…and I was right. That is exactly what I needed to ride….but I didn’t.
I guess I have a few comments here. First – that thought about Corrine and I riding together…yeh…didn’t happen. She was in and out of transition in a flash and was up the road before I even knew what was going on. I never saw her again on the bike. As it happens, she DID ride a 4:40 and got a new bike course record. She and I were on the same bike plan…except she executed!
Looking at my numbers – they weren’t bad. My power was actually roughly in line with what I was expecting; my heart race was about 5-7 bpm lower than what I expected.
And lastly, I rode alone – almost the entire ride. This was hard. Even when riding legally (with a 12 meter gap between cyclists) there is a benefit to having someone to ride with and work with the bike. It can help with rhythm and with motivation with you hit a low. Riding (at a legal distance) behind another rider can give you a mental break – it’s a huge huge benefit. And on a course like the one in Texas, that was big.
Angela Naeth and Corrine both rode hard, but I also think they rode incredibly smart races. They rode to get themselves to the front of that race and once they were there, they were able to use each other and push each other. It was smart. It was risky, but it also had to be done.
I built in to an Ironman effort and then just tried to be consistent. And I rode solo.
I learned a lot from that – because in reality, in Kona, that strategy could be hugely advantageous. And what I also learned is that I need to up my training thresholds. I didn’t ride poorly – I rode well. But can, will and need to ride faster, and I need to start mentally as well as physically preparing myself for a different kind of execution.
Run – 3:13 –
For me – I knew the race would come down to the run. I came off the bike in 8th with plenty of contenders in front of me and behind me. There was no opportunity to really falter, the key was a consistent and strong run. I think in an environment like that, it is REALLY easy to go out with guns blazing, but I went out more reserved (which had not been the plan) and I think it served me well in the end. I didn’t have the run I was gunning for – not even close. This was perhaps the only part of the race where I felt disappointed.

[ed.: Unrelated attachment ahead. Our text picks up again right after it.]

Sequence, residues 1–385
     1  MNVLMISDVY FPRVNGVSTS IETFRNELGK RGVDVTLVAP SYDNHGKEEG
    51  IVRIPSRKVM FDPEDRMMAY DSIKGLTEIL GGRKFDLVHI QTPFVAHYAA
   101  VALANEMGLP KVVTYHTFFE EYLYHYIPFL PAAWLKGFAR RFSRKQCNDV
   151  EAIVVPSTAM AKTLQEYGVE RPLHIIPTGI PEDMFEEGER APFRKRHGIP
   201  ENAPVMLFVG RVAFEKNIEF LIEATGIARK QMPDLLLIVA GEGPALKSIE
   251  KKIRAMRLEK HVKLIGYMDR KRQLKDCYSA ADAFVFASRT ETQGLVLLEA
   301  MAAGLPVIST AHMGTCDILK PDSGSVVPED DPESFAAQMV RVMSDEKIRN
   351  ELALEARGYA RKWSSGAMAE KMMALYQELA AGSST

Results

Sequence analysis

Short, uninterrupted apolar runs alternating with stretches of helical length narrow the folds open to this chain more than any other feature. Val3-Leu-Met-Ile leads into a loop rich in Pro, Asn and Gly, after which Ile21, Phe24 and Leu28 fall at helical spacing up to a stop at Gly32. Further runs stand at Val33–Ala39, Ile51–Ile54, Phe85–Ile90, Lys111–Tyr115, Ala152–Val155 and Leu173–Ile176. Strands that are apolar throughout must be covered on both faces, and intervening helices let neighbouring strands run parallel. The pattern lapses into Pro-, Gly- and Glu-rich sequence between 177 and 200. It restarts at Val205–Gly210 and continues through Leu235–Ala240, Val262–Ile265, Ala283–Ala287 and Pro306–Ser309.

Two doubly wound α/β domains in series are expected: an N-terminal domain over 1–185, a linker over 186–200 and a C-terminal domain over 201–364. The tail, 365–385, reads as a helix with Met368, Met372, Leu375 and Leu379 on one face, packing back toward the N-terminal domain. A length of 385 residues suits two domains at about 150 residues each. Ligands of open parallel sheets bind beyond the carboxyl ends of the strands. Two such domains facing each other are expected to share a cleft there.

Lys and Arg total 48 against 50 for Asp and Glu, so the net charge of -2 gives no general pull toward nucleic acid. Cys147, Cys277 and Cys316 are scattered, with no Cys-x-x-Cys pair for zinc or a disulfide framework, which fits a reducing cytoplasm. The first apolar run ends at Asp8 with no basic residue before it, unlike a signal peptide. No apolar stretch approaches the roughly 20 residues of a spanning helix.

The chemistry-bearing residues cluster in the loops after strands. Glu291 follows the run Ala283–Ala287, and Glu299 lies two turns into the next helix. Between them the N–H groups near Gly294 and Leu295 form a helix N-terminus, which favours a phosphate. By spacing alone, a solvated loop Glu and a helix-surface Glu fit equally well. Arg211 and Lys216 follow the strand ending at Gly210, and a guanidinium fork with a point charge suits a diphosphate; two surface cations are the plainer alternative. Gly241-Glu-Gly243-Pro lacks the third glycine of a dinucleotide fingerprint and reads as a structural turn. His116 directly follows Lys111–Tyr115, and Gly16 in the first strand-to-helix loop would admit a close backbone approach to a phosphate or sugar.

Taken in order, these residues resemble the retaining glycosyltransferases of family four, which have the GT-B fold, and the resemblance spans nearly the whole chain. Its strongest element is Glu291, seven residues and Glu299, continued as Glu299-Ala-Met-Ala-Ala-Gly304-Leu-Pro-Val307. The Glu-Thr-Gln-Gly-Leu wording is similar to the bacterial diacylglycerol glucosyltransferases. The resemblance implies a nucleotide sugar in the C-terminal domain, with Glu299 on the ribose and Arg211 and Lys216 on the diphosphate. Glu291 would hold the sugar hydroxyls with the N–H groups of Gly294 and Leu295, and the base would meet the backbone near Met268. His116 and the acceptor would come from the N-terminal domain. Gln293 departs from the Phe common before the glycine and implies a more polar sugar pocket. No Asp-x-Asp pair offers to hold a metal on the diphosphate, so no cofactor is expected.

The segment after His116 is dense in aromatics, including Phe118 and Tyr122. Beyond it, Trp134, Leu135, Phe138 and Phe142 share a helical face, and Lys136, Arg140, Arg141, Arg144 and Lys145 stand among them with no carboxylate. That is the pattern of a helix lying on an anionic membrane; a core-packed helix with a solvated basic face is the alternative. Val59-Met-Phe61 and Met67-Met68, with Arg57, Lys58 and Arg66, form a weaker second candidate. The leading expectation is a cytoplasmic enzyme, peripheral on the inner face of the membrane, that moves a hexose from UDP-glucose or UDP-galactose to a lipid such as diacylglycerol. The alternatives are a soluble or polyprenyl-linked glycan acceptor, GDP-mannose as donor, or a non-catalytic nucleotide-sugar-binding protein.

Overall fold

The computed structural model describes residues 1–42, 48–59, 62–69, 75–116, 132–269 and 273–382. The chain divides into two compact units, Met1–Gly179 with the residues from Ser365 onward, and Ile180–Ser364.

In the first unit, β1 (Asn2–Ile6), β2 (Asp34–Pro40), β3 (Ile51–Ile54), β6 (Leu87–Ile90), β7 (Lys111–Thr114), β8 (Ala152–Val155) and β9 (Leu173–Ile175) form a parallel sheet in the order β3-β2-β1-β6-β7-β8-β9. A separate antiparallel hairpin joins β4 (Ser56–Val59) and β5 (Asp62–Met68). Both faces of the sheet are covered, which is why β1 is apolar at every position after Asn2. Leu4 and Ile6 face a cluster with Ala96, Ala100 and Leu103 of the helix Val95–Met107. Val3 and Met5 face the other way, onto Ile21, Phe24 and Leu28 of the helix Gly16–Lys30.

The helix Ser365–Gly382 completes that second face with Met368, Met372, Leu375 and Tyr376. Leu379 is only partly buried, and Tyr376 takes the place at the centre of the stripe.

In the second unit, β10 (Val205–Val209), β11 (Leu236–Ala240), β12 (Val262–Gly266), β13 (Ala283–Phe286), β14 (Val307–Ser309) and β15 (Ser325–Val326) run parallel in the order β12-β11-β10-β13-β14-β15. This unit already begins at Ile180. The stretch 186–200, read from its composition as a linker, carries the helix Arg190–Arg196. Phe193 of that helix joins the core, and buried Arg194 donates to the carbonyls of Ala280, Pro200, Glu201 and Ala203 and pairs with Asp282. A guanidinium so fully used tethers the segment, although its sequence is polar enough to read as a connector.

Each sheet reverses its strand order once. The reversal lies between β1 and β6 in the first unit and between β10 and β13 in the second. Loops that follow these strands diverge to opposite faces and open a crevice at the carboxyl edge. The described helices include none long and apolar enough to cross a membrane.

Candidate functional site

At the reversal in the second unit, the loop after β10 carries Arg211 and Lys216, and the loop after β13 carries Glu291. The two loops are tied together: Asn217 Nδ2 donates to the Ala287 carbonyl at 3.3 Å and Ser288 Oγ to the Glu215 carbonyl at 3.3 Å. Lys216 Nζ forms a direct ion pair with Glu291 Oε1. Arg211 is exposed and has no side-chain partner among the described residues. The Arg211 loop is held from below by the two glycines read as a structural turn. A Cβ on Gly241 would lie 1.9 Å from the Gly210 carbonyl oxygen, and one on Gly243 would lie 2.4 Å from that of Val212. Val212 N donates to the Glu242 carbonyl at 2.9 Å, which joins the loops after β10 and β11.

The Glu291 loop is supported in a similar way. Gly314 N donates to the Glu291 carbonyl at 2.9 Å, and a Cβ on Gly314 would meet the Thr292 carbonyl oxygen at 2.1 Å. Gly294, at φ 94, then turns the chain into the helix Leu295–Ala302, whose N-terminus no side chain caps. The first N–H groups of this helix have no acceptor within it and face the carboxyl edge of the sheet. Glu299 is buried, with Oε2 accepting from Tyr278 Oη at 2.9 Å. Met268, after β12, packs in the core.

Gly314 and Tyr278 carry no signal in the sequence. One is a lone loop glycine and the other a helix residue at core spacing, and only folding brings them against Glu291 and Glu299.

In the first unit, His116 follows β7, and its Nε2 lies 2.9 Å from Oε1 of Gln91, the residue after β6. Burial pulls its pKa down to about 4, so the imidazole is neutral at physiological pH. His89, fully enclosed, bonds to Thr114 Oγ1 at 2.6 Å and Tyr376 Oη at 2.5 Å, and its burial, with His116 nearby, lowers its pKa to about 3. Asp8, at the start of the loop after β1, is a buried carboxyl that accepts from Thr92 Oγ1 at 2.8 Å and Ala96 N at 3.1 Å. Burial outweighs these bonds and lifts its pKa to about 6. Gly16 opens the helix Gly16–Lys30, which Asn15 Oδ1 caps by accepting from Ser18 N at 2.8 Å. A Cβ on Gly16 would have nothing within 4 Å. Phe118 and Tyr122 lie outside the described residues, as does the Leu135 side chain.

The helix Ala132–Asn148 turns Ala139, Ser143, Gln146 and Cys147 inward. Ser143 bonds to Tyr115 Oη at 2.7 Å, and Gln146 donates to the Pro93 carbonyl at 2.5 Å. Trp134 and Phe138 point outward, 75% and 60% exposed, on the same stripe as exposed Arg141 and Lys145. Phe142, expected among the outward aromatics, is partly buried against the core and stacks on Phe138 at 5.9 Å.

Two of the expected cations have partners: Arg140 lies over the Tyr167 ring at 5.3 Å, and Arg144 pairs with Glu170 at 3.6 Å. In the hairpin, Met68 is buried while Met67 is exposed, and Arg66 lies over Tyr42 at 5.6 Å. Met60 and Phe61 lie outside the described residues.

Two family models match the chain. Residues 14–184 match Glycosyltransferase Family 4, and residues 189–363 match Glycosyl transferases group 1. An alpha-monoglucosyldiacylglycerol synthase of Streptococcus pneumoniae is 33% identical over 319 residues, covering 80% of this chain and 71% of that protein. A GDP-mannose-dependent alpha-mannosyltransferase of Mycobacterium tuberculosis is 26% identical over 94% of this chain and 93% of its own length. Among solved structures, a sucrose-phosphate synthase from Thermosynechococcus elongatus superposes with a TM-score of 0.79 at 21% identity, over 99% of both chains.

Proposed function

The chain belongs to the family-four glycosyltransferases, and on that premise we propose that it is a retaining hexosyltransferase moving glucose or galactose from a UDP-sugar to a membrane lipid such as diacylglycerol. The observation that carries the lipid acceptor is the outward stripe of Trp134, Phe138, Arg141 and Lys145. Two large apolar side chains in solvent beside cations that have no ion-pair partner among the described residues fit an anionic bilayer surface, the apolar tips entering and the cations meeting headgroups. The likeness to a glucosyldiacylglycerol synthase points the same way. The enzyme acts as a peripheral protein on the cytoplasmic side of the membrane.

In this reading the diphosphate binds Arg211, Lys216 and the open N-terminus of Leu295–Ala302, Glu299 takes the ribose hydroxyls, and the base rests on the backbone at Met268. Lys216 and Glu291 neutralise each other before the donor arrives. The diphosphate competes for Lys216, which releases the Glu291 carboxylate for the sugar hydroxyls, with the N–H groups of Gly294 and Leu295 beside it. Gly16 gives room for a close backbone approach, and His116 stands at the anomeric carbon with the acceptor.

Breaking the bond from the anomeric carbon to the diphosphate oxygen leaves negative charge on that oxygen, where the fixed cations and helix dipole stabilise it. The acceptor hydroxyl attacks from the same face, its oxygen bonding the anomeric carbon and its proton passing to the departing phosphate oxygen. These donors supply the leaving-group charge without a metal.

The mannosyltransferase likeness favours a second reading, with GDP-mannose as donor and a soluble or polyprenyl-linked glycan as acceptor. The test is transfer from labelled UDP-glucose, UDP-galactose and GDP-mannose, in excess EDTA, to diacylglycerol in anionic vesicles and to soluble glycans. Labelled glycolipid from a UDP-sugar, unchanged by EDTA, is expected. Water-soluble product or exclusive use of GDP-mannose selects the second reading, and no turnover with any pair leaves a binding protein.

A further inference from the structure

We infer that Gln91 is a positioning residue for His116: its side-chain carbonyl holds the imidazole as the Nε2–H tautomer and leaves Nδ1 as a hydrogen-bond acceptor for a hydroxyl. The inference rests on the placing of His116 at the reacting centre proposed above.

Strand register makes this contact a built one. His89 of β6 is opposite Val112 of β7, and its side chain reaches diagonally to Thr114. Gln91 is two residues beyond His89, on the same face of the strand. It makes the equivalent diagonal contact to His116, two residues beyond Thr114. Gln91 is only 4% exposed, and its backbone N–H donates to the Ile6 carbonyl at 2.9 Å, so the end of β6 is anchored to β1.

As I predicted – LOT’s happened on the run. People melted. People dropped out. People walked. And some people, like Angela Naeth, prevailed. She pretty much executed the race I was hoping to execute – a decent swim, an exceptional bike and a strong, solid run. She was great and I was truly excited for her and inspired by her performance. She was consistent all day long. It was awesome and she earned and deserved that win.
At the end of the day I earned 6th place. And I did EARN it. I worked hard all day. That 6th place didn’t fall in my lap. And while yes – I would have loved to have been better, I feel good about my effort. I guess maybe because I can see some obvious changes to make to a few spots in my training, and I walk away from this excited to make them and see what happens in the next one.
I’ve done 5 races (4 70.3’s and 1 Ironman) in 8 weeks. It is a lot of racing. So this week is all about clean out – just mentally and emotionally resting and re-grouping. Then I’ll get back on the horse. I have 4 weeks until Eagleman 70.3 and 6 weeks until Ironman Austria.
Some Thank You’s – First a foremost, I have to thank Matt Dixon and Paul Buick of Purplepatch fitness. Finding a coach/coaches who are in sync with your personality and mindset and where things just flow and work easily is hard to come by. I have that with them. I value their guidance and expertise immensely and I credit so much of where I am today to them. I have a tremendous amount of respect for Matt, Paul and the Purplepatch team.
To my sponsors, but in particular to Cervelo, who were onsite at IMTX and doing everything they could to make sure my bike was ready and my race went as seamlessly as possible. Massive massive thank you to Saucony, Shimano, Clif Bar, Rudy Project, ROKA, PowerTap, Marc Pro, Boheme Wines, Corin Frost and to Red Bull for their support and for making just amazing products. I am truly lucky to be able to wear, ride, run in, eat and drink these brands every day.
To my mother and my brother who were there at the race cheering me on. Yes, I do this as a profession and I am used to doing these races on my own, but having family there to cheer you on and support you after a race like an Ironman means a whole lot. They were huge out there on race day and gave me motivation at times I needed it.
To Brian and Tina Trimble – my host family in the Woodlands. This is an AMAZING family and I always feel right at home every time I am I in their house. THANK YOU for helping make my Ironman prep stress-free.
To so many others – My boyfriend – Mike – who is exceptionally understanding and supportive of my quirkiness and big dreams, to Jordan Blanco and Leslie Lasmachhia for the amazing cheers out on course, to my Purplepatch teammates and friends – Sarah Cameto, Laura Siddall and Laurence Delisle. And to so many others who support me and my dreams, day in and day out. To Verdict Digital for being on course and capturing some amazing shots from the day – love your work!
And finally to my agent, Jane Bolander of JSY Public Relations. She and I partnered in June of last year and she has worked tirelessly to help me build my brand and gain exposure and raise the profile of our dear sport of triathlon. She is a rock star and I cannot wait for what she and I have in store for the coming year. THANK YOU!
Until next time. Don’t dream it. Be it.